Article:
144 a relatively new phenomenon. It is now well known that SSC is a particular form of

145 hydrogen stress cracking (HSC) in the presence of water and H 2S.13,28 As in any other

146 type of HSC, SSC is exacerbated by applied cathodic potentials, but debate still exists

147 concerning the initiation mechanisms under open circuit potential conditions, which are

148 the most relevant in service.29

149 Even though investigators discovered early on that the alloy's microstructure controlled

150 SSC susceptibility,30 NACE MR0175's approach was to minimize risk by limiting

151 strength and controlling composition, independently of other metallurgical factors.

152 Today, most carbon and LAS are accepted for service under any H 2S condition if they

153 contain less than 1 wt% nickel and the hardness of the surface exposed to the

154 production fluid is kept below 250HV (22HRC). For example, quenched and tempered

155 (QT) LAS with SMYS values lower than 550 MPa (80 ksi) are believed to resist up to

1 NACE International, Houston, TX, U.S.

2 International Organization for Standardization, ISO Central Secretariat, 1214 Vernier, Geneva

156 100% H2S when stressed to 100% of their actual yield strength (AYS) at a total

157 pressure of 1 atm.31

158 CS and LAS that do not meet strength, hardness, and chemical composition

159 requirements can still be used if successfully qualified. Nevertheless, because testing is

160 costly, complex, and potentially disruptive, OEM and O&G producers typically select

161 materials that meet ISO 15156-2 requirements, avoiding challenging qualification

162 programs.

163 The hardness limit derives from phenomenological observations showing that SSC was

164 prevented in low strength and softer samples. 26 Hardness is, however, an unreliable

165 estimator of SSC resistance. Indeed, at the same hardness and strength levels,

166 different microstructures exhibited vast differences in EAC susceptibility. 32 Despite its

167 shortcomings, restricting the hardness of the base metal and the weld drastically

168 reduced the frequency of the early SSC failures. In contrast, the nickel content

169 restriction remains controversial; the work by Kappes et al. could be consulted for a

170 comprehensive review of the topic.29

171 3.1.2. Moving beyond current limitations

172 Cr-Mo steels with SMYS values up to 760 MPa (110 ksi) are typically accepted within

173 the boundaries of ISO 15156.33 However, because limiting the strength minimizes the

174 risk of exceeding 250HV in weldments, in practice, LAS with SMYS above 550-586 MPa

175 (80-85 ksi) are seldom used for heavy forgings (i.e., cross-sectional thickness above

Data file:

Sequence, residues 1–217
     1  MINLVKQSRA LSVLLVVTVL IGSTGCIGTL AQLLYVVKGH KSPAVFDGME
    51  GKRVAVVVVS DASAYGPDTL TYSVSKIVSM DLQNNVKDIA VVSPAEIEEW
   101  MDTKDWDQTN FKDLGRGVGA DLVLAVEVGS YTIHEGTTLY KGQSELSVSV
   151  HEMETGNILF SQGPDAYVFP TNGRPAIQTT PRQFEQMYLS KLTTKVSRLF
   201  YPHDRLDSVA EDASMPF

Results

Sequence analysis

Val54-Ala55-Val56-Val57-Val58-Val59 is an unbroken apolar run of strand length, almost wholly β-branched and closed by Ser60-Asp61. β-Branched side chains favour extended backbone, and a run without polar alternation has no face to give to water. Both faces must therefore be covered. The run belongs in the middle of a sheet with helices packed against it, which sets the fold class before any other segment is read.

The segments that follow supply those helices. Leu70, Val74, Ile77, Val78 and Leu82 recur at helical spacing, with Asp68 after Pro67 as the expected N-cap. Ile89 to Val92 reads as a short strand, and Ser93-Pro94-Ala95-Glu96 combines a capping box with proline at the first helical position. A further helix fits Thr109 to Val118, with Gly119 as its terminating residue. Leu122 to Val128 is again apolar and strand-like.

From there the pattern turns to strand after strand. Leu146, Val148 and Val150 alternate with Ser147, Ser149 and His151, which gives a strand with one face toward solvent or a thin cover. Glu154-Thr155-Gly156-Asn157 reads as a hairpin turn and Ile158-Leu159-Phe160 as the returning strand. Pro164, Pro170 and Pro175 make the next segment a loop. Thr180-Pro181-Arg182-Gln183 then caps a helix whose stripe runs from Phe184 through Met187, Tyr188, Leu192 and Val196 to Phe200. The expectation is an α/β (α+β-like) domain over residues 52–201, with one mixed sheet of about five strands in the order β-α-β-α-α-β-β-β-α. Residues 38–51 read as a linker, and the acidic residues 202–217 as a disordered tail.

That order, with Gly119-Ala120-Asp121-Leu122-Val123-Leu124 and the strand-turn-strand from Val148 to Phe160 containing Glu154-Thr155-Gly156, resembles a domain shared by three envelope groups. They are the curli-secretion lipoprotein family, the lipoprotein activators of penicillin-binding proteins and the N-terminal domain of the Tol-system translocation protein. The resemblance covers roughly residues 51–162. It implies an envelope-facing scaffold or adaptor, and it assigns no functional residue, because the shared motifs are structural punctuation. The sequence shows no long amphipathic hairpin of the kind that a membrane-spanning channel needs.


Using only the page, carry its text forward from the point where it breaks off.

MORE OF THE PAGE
176 500-760 mm). Likewise, ISO 15156’s restriction on the allowable nickel content

177 excludes commercial LAS with an exceptional combination of properties such as

178 strength, toughness, weldability, fatigue life, and hardenability. 29 Some LAS such as

179 ASTM3 A508 Grade 4, 10GN2MF2 and MIL-S-16216K (i.e. a modified version of UNS

180 K32047), Table 1, have been successfully used in hydrogen-bearing atmospheres in,

181 e.g., nuclear reactor pressure vessels.34 ISO 15156 similarly excludes low-carbon,

182 copper-bearing, precipitation hardenable low alloy steels based on the ASTM A707

183 specification,35 which combine high strength, toughness, and weldability (Table 1). 36

184 Adapting these types of LAS for sour service applications by, for example, reducing

185 their carbon content, tailoring their carbon equivalent, and imposing strict control of the

186 elements responsible for temper embrittlement,37 could lead to significant weight

187 reductions, improved through-thickness properties, and extended fatigue life. 32

188 The safe use of high strength LAS in sour service applications depends primarily on

189 understanding how composition, microstructure, and thermo-mechanical processing

190 affect hydrogen embrittlement (HE) resistance. In this regard, much debate still exists

191 about the influence of the complex microstructures of LAS on SSC and HSC

192 performance. The data compiled by Kappes et al.,29 Figure 1, suggest that tempered

193 martensite and lower bainite are the most SSC-resistant microstructures based on their

194 threshold stress (σth) in H2S-saturated electrolytes. Normalized and tempered LAS or

195 steels containing fresh martensite are severely affected by hydrogen. Snape has shown

196 that small amounts of untempered martensite have dramatic effects on SSC

197 performance, even on steels that met the macroscopic hardness threshold imposed by

198 ISO 15156.30 Additionally, Figure 1 indicates that the threshold stress of QT and bainitic

199 steels was greater than the allowable stress in, e.g., Division 2 of the ASME Boiler and

3 American Society for Testing and Materials, West Conshohocken, PA.

200 Pressure Vessel Design Code, up to an AYS of about 700 to 750 MPa. The threshold

201 stress decreased rapidly above 750 MPa.

202 Interestingly, the scatter seen in Figure 1, particularly on bainitic steels, is associated

203 with the lack of a proper microstructure characterization. Indeed, most authors did not

204 specify the type of bainite, i.e., upper or lower, or martensite, i.e., plate, lath, or a

205 combination, and some assumptions had to be made based on the reported heat